Bird's Nest Fungus

August 15, 2022

Bird's Nest Fungus-Arbuckle

Photographer: Kathy Arbuckle 
Summary Author: Kathy Arbuckle 

Springtime is when many bird species build nests to hold their precious eggs and chicks while they’re raised to fledgling stage. There’s a similar occurrence in the fungus world. Found on decomposing organic matter (the specimen shown above is growing on a rotting wooden board), the Bird's Nest Fungus mimics, to some degree, the form and function of avian nests. Although very small, the cup-shaped fungus' fruiting bodies, or peridium, hold tiny "eggs," peridioles, which contain spores. When a raindrop lands on one of these "splash cups," the angle forces the eggs to be expelled out of the "nest" up to 3 ft (0.9 m) away to begin the life process all over again.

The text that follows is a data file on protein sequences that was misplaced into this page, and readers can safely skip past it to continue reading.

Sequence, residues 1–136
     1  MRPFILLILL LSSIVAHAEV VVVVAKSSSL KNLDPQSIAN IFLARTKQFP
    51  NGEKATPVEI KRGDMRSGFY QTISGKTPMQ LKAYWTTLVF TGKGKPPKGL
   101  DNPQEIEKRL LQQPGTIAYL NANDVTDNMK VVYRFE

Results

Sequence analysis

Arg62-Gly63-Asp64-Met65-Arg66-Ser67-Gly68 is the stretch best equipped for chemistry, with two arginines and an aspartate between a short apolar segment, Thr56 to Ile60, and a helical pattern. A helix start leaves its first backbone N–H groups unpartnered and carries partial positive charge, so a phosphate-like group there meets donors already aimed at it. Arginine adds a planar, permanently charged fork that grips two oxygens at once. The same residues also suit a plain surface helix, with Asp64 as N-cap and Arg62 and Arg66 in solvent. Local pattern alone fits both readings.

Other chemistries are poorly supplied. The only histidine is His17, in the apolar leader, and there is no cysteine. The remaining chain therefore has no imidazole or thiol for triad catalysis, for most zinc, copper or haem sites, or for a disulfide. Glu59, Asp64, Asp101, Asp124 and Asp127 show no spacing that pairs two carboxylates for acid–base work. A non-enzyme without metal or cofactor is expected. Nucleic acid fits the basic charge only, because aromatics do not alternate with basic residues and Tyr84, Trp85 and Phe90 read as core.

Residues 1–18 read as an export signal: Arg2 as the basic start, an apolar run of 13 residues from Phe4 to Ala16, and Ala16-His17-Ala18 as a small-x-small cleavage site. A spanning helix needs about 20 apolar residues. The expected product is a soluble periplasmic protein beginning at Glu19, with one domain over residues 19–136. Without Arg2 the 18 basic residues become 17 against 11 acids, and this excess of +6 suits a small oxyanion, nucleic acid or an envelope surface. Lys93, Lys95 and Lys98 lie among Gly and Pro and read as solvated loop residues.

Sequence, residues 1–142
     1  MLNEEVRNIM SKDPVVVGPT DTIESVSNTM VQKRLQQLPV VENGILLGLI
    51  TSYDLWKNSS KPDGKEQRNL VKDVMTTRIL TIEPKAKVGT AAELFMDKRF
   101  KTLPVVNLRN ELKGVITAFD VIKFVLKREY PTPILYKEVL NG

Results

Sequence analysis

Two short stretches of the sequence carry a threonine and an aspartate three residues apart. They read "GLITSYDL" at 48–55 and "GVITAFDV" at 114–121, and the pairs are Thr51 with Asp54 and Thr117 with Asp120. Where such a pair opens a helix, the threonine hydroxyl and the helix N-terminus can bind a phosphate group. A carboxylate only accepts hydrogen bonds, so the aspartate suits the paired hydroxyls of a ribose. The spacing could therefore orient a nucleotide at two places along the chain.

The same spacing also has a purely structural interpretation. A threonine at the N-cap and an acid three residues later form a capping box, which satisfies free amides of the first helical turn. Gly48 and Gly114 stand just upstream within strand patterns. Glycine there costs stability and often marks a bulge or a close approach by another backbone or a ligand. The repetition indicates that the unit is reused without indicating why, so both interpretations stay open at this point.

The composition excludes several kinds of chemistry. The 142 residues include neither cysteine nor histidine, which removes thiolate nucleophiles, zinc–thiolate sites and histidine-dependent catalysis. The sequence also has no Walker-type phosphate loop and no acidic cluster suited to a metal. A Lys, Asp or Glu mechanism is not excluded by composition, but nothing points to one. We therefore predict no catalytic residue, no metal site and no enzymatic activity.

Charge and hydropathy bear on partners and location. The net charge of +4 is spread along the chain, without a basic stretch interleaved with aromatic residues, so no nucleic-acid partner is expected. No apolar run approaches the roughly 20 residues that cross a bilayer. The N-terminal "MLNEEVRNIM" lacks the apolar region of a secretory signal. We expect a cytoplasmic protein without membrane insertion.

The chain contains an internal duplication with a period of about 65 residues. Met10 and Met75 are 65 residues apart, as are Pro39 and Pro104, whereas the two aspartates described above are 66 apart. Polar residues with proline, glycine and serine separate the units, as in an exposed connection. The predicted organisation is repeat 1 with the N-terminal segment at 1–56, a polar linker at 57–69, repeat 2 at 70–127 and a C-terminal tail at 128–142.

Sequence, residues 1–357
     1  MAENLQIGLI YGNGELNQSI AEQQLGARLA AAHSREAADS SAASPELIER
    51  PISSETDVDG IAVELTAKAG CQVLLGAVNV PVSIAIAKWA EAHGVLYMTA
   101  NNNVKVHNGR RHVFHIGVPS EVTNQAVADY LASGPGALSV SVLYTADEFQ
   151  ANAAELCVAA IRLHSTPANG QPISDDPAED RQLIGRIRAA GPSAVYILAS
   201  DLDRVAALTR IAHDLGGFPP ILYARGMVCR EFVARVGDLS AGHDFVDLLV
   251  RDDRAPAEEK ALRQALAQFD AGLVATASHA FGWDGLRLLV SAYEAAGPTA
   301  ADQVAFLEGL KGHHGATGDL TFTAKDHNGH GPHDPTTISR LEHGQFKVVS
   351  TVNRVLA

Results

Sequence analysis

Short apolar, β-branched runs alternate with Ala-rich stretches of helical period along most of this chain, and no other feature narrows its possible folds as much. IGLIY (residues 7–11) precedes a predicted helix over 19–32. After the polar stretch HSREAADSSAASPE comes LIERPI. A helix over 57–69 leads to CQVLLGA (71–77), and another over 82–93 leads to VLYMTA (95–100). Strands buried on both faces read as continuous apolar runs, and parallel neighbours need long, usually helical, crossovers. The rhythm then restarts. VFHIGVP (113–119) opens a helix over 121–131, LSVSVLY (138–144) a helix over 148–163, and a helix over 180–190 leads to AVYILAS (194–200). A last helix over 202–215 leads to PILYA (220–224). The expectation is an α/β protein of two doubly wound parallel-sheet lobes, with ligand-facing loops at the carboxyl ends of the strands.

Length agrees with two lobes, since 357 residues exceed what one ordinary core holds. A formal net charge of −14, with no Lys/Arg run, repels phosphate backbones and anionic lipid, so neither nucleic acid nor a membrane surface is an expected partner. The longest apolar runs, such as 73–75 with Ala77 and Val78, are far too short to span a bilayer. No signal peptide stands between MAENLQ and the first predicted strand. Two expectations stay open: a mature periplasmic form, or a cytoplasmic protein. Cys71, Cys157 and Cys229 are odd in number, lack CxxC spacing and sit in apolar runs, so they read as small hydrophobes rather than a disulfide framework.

Found widespread, the size of the inedible Bird's Nest Fungus ranges from 5-15 mm wide and 4-8 mm tall.  Keep a sharp eye out for them and you may just spot these tiny nests where you least expect them. Photo taken in Spokane, Washington, on March 24, 2022.

Spokane, Washington Coordinates: 47.6588, -117.4260

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